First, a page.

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HSE proposes freezing issuing of new medical cards

This was one of a number proposals put forward by the HSE to the Department of Health and Children because of current financial pressures.

Image: John Birdsall/John Birdsall/Press Association Images

THE HEALTH SERVICE Executive has handed a number of proposals to the Department of Health and Children in order to save hundreds of millions of euro.

The proposals include placing a cap on the issuing of new medical cards between now and the end of the year, which would save €18 million euro and affect 42 thousand people.

The HSE told TheJournal.ie:

The measures referred to are a range of suggested policy proposals put forward for consideration by the Department of Health and Children in the context of current financial pressures facing the health services.
It is important to note that these are merely proposals.

It said that in keeping with the current legislation, there will be no cap placed on the issuing of medical cards for the remainder of 2011.

Given its budgetary constraints this year, the HSE stated:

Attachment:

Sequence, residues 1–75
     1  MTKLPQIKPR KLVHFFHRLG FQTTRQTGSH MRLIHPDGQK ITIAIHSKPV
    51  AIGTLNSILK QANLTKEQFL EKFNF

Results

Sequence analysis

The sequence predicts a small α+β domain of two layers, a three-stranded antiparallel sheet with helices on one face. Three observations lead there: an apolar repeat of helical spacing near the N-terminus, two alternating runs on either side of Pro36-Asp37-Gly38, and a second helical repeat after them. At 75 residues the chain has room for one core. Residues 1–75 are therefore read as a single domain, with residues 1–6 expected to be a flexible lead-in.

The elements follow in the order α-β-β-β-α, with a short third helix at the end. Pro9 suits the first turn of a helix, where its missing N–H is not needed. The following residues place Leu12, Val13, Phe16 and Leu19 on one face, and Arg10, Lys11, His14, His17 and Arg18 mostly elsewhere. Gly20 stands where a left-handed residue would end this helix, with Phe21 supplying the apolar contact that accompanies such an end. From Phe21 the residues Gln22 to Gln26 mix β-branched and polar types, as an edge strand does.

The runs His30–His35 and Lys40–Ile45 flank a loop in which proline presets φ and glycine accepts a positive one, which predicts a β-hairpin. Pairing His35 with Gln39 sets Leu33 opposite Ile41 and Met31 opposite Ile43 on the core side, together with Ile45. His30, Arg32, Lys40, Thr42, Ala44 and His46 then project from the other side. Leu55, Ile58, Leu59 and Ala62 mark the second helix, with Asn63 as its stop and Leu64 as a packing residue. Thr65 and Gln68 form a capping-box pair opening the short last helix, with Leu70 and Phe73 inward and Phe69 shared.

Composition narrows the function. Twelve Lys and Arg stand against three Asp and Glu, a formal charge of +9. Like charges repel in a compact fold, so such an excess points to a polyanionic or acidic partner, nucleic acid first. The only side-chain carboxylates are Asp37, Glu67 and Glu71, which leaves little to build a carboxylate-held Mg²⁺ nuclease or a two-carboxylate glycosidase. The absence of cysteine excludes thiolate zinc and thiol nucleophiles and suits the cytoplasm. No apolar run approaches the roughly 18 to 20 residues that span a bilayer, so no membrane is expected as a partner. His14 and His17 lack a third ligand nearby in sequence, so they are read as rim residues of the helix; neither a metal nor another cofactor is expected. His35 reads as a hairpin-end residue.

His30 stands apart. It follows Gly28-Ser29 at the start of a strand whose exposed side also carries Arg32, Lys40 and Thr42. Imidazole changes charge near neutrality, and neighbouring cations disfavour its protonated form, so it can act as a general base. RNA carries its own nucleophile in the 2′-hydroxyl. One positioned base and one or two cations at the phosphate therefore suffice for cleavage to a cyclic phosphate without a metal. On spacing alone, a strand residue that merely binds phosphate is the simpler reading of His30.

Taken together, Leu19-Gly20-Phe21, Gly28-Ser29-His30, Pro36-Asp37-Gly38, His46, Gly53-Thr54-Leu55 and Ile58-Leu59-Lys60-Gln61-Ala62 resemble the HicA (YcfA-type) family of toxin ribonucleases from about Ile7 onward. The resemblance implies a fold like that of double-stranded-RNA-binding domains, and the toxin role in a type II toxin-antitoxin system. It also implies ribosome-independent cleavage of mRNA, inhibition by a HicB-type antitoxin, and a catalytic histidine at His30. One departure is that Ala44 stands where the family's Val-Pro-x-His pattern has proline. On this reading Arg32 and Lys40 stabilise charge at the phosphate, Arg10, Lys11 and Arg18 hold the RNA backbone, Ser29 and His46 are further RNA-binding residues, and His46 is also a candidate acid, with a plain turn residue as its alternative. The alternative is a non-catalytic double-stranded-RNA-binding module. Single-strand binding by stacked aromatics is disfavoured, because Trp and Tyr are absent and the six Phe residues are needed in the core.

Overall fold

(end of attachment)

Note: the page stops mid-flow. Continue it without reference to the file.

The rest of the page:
However, it is likely that the current funding will fail to meet the planned output for many services for the remainder of this year.

Speaking on RTE’s Morning Ireland programme this morning, journalist Gordon Deegan said he had seen a document that contained the proposals.

As the HSE needs to make around €300 million euro in savings he said the document also proposed reducing home help hours, and reducing personal assistant hours.

If a cap is put on issuing medical cards, the document states there could be policy and legal implications.

The HSE has set up a committee to deal with contingency plans for if it runs out of funds by the end of this year.

While it could not comment on the proposals, the Irish Medical Organisation said that in its 2010 pre-Budget  submission, it stated the HSE should double the carer’s allowance and increase the provision of respite services.

It also said that IMO doctors believe that savings in the region of €300 million on the State’s drug bill can be made through a coherent generic medicines policy.

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